As of next month I am assuming that the airline industry will have no further use for my services and a bleak outlook looms. On the other side of the coin, I will have a lot of time on my hands and 8.5 acres of ancient woodland.

During all the uncertainty of virus and threat of job loss, an exciting project has given me reason to look forward with some hope. Our tiny village has been consumed by the urban sprawl of the town and houses now cover the ground that was, until just very recently, fields. All that is left is a small pocket of woodland which has suddenly come up for sale.

Rumours abounded about who might buy it and the fear that developers might come in and destroy the last patch of green in the village had the community in a tizzy. The existing villagers joined with the newcomers organizing a whip-round to raise money in the hope of buying it. After a lot of backing and forthing, the vendor accepted our offer and the wood is to become a trust to be protected in perpetuity. The real upside is that it is right by my house and the Tawny Owls occasionally stray into my oak tree at night.

Anti-social behaviour has degraded the ambience of the wood in the past. All terrain vehicle enthusiasts ripped swathes through the wild flowers and fireraisers left the burnt out shuck of a car, so there will almost certainly be work parties to clear the litter and debris. There will probably be environmental studies and enhancements to encourage wildlife.

Someone will need to print “Please don’t trample me” signs. Owl boxes! Feeder stations! Likely all done by volunteers. Just try and stop me!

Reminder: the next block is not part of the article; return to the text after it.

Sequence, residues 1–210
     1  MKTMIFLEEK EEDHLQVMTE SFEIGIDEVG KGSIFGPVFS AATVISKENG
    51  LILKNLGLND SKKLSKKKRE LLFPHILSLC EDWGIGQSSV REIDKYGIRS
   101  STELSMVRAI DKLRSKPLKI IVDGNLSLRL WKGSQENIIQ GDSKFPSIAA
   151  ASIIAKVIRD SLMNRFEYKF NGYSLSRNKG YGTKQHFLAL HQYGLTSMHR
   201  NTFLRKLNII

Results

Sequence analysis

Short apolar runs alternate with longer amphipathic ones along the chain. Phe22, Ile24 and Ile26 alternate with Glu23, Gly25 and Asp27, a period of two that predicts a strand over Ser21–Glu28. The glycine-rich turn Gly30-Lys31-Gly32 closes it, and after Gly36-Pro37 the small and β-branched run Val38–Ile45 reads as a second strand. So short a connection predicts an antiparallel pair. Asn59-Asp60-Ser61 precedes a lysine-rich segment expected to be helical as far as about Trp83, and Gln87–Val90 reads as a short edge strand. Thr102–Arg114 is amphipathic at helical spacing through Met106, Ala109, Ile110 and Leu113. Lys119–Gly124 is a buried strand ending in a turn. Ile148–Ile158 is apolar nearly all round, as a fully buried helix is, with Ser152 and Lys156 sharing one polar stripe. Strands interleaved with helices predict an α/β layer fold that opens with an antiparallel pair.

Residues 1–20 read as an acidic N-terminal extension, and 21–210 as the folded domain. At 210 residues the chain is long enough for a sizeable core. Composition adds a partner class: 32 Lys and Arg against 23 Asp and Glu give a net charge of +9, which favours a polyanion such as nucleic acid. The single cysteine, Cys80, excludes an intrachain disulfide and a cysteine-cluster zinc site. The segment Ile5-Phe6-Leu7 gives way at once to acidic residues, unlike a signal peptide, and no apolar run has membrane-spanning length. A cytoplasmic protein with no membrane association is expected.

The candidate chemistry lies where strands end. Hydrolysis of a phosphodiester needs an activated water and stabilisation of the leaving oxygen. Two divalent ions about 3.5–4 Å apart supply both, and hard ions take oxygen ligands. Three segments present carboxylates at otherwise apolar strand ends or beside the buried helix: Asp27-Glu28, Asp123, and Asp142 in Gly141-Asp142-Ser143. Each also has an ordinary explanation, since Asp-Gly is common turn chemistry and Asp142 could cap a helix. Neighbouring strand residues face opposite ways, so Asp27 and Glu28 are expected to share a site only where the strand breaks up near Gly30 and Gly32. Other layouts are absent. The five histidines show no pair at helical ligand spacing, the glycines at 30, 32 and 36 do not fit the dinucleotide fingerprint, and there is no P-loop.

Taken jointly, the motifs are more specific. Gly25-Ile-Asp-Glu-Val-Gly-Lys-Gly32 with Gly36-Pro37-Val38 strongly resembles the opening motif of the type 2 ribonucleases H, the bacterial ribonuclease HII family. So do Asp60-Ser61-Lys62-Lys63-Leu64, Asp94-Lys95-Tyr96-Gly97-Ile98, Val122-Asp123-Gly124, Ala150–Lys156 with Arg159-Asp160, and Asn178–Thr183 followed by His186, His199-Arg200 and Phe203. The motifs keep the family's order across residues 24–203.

Despite the poor reputation of the wood, I have waved my binoculars at it on a few occasions and tempted some of the common woodland species out to my garden feeders. Blue Tits and Great Tits abound as do Greater Spotted Woodpeckers. My most recent foray found nest-building Treecreepers and Eurasian Nuthatches. Passage and summer migrants include Garden Warbler, Blackcap and Chiffchaff (which I am still waiting to tick from my garden). In winter, Common Redpolls.

This week, contracts were exchanged to pass ownership over to the trust at just in time of year to enjoy bluebells and the dawn chorus in our very own patch of English, ancient woodland. And just in time too to lift the gloom that redundancy brings.

 

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Written by Redgannet
Redgannet has been working for over 33 years as a crew member/flight attendant and enjoys the well-ventilated air of the outdoors. The nom de blog, Redgannet, was adopted to add an air of mystery and to make himself more attractive to women. His father first whetted Redguga's appetite for all things natural by buying him his first pair of 7x35s and a copy of Thorburn's Birds. Having no mentor beyond an indulgent parent, he spent the first season hoping for an Egyptian Vulture at the bird table in his English garden. His most memorable birding moment is seeing an Egyptian Vulture with those same binoculars 26 years later. Redgannet is married to Canon, but his heart and half of his house belongs to Helen and their son Joseph. He is looking forward to communicating with people who don't ask if he is searching for the "feathered variety" of bird.